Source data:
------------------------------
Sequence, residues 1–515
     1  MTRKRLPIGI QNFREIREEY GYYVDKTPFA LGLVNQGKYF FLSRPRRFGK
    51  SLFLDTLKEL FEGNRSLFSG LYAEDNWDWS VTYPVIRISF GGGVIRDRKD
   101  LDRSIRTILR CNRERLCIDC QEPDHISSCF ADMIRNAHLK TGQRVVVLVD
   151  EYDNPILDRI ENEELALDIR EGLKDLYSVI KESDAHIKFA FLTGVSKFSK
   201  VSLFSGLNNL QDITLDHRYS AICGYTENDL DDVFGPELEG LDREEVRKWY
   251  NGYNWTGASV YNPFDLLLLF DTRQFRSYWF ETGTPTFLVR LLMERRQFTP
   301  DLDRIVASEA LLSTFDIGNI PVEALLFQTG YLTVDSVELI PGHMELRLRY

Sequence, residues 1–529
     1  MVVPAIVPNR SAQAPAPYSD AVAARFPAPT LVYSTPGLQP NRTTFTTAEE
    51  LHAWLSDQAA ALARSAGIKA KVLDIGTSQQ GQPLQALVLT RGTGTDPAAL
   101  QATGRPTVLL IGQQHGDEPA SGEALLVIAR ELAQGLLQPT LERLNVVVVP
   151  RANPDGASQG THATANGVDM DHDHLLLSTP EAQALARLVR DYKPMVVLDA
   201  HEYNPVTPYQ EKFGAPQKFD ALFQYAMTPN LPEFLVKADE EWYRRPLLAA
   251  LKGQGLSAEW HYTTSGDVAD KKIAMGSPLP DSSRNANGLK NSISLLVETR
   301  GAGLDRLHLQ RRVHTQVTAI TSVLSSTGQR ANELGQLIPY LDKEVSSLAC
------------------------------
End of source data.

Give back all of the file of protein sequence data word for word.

Sequence, residues 1–515
     1  MTRKRLPIGI QNFREIREEY GYYVDKTPFA LGLVNQGKYF FLSRPRRFGK
    51  SLFLDTLKEL FEGNRSLFSG LYAEDNWDWS VTYPVIRISF GGGVIRDRKD
   101  LDRSIRTILR CNRERLCIDC QEPDHISSCF ADMIRNAHLK TGQRVVVLVD
   151  EYDNPILDRI ENEELALDIR EGLKDLYSVI KESDAHIKFA FLTGVSKFSK
   201  VSLFSGLNNL QDITLDHRYS AICGYTENDL DDVFGPELEG LDREEVRKWY
   251  NGYNWTGASV YNPFDLLLLF DTRQFRSYWF ETGTPTFLVR LLMERRQFTP
   301  DLDRIVASEA LLSTFDIGNI PVEALLFQTG YLTVDSVELI PGHMELRLRY

Sequence, residues 1–529
     1  MVVPAIVPNR SAQAPAPYSD AVAARFPAPT LVYSTPGLQP NRTTFTTAEE
    51  LHAWLSDQAA ALARSAGIKA KVLDIGTSQQ GQPLQALVLT RGTGTDPAAL
   101  QATGRPTVLL IGQQHGDEPA SGEALLVIAR ELAQGLLQPT LERLNVVVVP
   151  RANPDGASQG THATANGVDM DHDHLLLSTP EAQALARLVR DYKPMVVLDA
   201  HEYNPVTPYQ EKFGAPQKFD ALFQYAMTPN LPEFLVKADE EWYRRPLLAA
   251  LKGQGLSAEW HYTTSGDVAD KKIAMGSPLP DSSRNANGLK NSISLLVETR
   301  GAGLDRLHLQ RRVHTQVTAI TSVLSSTGQR ANELGQLIPY LDKEVSSLAC